Capacity to Care for Self
The capacity to care for self is the ability to satisfy the requirements for physical health, safety, and self-care without assistance. In this evaluation, the person’s skills relevant to independent living, known as activities of daily living (ADLs), are assessed. The results of this evaluation can be helpful in assessing a person’s ability for self care, their ability to manage personal property and personal affairs, and in making recommendations regarding the most appropriate living situation. This evaluation generally includes clinical interviewing, collateral reports, and objective testing measures.
Cognitive and neuropsychological screenings are evaluations designed to assess an individual in areas related to intellectual/cognitive functioning; such as, memory, attention, judgment in decision-making, executive functioning, and language. This type of evaluation generally includes clinical interviews, review of medical and/or psychological records, and neurocognitive screening and/or other psychological testing.
Commonly termed Sorensen Evaluation, this evaluation determines an individual’s competency to proceed in a domestic case and addresses the question of the need for a court-appointed guardian ad litem. The individual’s ability to understand the case proceedings and to act and make critical decisions in his or her best interests will be evaluated. In some instances, cognitive problems or mental health symptoms may impair the individual’s ability to proceed.
The court may appoint a conservator with defined and specified responsibilities in relation to the estate or financial affairs of any individual, regardless of age, who is unable to manage their own financial and business affairs. A conservator may also be appointed if the individual has property that will be unnecessarily dissipated or wasted unless management is provided. Additionally, the court may appoint a conservator if money is needed for the support, care, education, health, and welfare of the individual. An attorney requesting a Self-Care, Decisional, Contractual or Testamentary evaluation, may request that this recommendation be considered in the report.
When a will is disputed, typically after the testator is deceased, an evaluation similar to that of Testamentary Capacity is conducted. The focus is on the mental and physical state of the individual when they executed the will. This is accomplished by reviewing pertinent documents such as medical records and documents relevant to the testator’s mental status. In addition, relevant parties will be interviewed to assist in drawing a conclusion about the testator's capacity at the time the will was created.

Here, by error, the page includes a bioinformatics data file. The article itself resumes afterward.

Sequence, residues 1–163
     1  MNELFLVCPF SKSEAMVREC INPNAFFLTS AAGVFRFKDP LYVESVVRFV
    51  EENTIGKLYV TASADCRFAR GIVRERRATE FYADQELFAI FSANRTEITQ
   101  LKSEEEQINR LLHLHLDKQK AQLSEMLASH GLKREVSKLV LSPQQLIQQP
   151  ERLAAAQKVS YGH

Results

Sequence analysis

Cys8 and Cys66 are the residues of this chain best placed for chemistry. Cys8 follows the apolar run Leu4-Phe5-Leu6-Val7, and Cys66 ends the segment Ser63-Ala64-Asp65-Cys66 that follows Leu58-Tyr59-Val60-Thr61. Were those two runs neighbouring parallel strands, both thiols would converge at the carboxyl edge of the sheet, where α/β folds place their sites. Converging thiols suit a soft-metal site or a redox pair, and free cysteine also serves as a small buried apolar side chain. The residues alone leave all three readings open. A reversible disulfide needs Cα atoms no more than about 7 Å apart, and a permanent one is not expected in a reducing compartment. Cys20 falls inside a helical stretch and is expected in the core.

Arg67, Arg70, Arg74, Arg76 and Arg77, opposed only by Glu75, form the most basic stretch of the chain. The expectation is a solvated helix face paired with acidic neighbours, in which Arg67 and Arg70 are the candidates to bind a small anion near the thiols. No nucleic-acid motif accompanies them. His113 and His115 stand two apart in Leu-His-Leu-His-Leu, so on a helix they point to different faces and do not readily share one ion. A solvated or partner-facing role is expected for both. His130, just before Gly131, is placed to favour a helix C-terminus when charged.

Evaluating Contractual Capacity is similar to evaluating Testamentary Capacity. In these situations, the individual’s ability to understand the terms and consequences of the contract in question is assessed. The person will be evaluated to determine if they are “of sound mind” and free of undue influence.
Decisional Capacity is the ability of an individual to provide informed consent to, or refusal of, medical treatment, or the ability to make an informed health-care- benefit decision. When an individual lacks Decisional Capacity, an agent authorized under a medical power of attorney is empowered to make medical decisions on their behalf. This evaluation generally includes clinical interviewing, collateral reports, and objective testing measures.
A court may appoint a guardian for an individual who is deemed “Incapacitated” under the Colorado Revised Statutes, and unable to manage his or her affairs with regard to property, finances, and daily affairs. An evaluation to determine if a guardian is needed must include interviews and psychological/competency testing with the client in their current residence, and a review of pertinent medical and legal records.
Testamentary Capacity pertains to an individual’s ability to draft a will. As a result of mental decline, serious injury, undue influence, or other confounding circumstances, an individual may no longer be considered competent to create a will. An evaluation of Testamentary Capacity includes an assessment of the individual’s mental and physical health, their understanding of their expressed intentions, and the conclusion that they are not under the influence of third parties.
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